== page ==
Ben Jonson

"The Magnetick Lady. Act 4. Scene 7."

                Chair, Needle, Polish, Keep.

    Cha. Go, get a Nurse, procure her at what rate
You can: and out o' th' House with it, Son Needle.
It is a bad Commodity.

    Nee. Good mother,
I know it, but the best would now be made on't.

    Cha. And shall: you should not fret so, Mrs. Polish,
Nor you Dame Keep; my Daughter shall do well,
When she has tane my Cawdle. I ha' known
Twenty such breaches piec'd up, and made whole,
Without a bum of noise. You two fall out?
And tear up one another?

    Pol. Blessed Woman?
Blest be the peace-maker.

    Keep. The Pease-dresser!
I'll hear no Peace from her. I have been wrong'd,
So has my Lady, my good Ladies Worship,
And I will right her, hoping she'll right me.

    Pol. Good gentle Keep, I pray thee Mistriss Nurse,
Pardon my passion, I was misadvis'd,
Be thou yet better, by this grave sage Woman,
Who is the Mother of Matrons, and great Persons,
And knows the World.

    Keep. I do confess, she knows
Something -- and I know something. --

    Pol. Put your somethings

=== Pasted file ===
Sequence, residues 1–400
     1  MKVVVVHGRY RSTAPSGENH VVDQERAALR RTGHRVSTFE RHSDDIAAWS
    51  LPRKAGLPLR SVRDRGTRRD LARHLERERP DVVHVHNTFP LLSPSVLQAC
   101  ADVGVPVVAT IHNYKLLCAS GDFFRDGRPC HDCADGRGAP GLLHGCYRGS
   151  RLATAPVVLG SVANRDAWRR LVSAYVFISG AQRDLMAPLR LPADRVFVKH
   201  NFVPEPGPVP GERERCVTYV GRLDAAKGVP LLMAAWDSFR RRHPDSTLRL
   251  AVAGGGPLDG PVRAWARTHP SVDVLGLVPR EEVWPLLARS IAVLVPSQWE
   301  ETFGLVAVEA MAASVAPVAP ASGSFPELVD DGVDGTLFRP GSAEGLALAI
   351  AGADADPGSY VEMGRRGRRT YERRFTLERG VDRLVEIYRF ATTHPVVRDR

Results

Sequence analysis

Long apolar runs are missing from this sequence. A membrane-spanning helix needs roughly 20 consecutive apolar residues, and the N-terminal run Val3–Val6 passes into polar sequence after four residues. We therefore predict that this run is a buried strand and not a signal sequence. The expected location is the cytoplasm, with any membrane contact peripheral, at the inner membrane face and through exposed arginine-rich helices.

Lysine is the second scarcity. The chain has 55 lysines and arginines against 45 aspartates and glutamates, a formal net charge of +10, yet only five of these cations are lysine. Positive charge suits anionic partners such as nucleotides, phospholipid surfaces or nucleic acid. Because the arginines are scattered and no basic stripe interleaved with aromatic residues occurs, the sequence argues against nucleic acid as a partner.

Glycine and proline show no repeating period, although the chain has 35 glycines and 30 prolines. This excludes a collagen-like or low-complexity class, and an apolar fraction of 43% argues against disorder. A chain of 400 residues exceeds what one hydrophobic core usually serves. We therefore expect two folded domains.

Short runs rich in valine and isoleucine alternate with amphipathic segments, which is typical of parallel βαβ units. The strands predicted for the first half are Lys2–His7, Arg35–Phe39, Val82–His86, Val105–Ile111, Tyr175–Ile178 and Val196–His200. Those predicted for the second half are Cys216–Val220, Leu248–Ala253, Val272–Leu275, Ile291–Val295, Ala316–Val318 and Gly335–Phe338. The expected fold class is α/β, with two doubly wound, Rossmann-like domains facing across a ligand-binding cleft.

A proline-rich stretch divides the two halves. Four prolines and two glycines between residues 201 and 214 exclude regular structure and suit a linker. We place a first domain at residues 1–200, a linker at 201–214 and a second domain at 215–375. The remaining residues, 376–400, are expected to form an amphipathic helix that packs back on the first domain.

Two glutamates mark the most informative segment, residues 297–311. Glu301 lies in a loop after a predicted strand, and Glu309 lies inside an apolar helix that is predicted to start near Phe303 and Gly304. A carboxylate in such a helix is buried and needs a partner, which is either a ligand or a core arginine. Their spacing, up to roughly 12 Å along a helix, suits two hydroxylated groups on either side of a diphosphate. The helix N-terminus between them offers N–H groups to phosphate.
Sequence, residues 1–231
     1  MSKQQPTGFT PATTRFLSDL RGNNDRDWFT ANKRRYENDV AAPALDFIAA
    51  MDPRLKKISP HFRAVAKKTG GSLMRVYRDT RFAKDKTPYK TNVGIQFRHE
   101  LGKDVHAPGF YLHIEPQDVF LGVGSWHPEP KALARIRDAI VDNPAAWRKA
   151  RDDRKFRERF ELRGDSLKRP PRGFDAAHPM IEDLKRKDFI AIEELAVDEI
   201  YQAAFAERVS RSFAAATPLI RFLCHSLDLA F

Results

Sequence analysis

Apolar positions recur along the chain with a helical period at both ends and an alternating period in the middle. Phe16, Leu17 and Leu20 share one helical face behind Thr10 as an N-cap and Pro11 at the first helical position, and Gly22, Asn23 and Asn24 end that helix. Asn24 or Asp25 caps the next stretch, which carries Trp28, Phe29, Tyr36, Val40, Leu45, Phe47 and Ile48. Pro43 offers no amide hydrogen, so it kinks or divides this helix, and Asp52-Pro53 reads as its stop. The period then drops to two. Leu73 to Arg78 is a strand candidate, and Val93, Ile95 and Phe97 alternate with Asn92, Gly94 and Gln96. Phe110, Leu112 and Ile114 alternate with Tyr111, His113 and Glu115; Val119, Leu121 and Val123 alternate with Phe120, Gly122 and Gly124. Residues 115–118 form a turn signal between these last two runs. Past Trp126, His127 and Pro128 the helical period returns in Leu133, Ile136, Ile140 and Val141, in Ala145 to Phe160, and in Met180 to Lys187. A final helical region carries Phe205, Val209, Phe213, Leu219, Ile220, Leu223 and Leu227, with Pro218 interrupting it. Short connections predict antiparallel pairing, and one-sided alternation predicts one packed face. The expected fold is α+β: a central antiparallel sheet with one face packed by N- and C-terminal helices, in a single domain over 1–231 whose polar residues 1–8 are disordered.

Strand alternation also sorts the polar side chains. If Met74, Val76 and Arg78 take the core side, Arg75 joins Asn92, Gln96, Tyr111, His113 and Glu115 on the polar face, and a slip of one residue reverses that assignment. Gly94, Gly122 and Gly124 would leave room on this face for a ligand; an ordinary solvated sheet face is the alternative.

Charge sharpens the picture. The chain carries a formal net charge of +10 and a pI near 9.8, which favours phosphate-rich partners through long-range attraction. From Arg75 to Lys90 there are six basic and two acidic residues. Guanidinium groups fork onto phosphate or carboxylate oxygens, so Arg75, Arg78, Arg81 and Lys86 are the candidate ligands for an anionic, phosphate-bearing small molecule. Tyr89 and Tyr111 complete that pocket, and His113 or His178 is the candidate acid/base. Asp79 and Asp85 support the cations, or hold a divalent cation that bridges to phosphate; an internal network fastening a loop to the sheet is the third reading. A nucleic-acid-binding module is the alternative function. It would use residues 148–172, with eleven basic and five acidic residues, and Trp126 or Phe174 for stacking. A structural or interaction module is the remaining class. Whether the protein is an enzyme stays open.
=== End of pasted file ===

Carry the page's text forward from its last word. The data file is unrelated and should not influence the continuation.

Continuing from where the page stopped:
Together then.

    Cha. I, here's a chance fal'n out
You cannot help; less can this Gentlewoman;
I can and will, for both. First, I have sent
By chop-away; the cause gone, the fame ceaseth.
Then by my Cawdle, and my Cullice, I set
My Daughter on her Feet, about the House here:
She's young, and must stir somewhat for necessity,
Her youth will bear it out. She shall pretend,
T' have had a fit o' the Mother: there is all.
If you have but a Secretary Landress,
To blanch the Linnen -- Take the former counsels
Into you; Keep them safe i' your own breasts,
And make your Market of 'em at the highest.
Will you go peach, and cry your self a Fool

At Granam's Cross? be laugh'd at, and despis'd?
Betray a purpose, which the Deputy
Of a double Ward, or scarce his Alderman,
With twelve of the wisest Questmen could find out,
Imployed by the Authority of the City?
Come, come, be friends: and keep these Women-matters,
Smock-secrets to our selves, in our own verge.
We shall mar all, if once we ope the mysteries
O' the Tyring-house, and tell what's done within:
No Theatres are more cheated with apparances,
Or these Shop-lights, than th' Ages, and Folk in them,
That seem most curious.

    Pol. Breath of an Oracle!
You shall be my dear Mother; wisest Woman
That ever tip'd her Tongue, with point of reasons,
To turn her hearers! Mistriss keep, relent,
I did abuse thee; I confess to Penance:
And on my Knees ask thee forgivness.

    Cha. Rise,
She doth begin to melt, I see it. --

    Keep. Nothing
Griev'd me so much, as when you call'd me Bawd:
Witch did not trouble me, nor Gipsie; no,
Nor Beggar. Buat a Bwad, was such a name!

    Cha. No more rehearsals; repetitions
Make things the worse: The more we stir (you know
The Proverb, and it signifies a) stink.
What's done, and dead, let it be buried.
New hours will fit fresh handles, to new thoughts.

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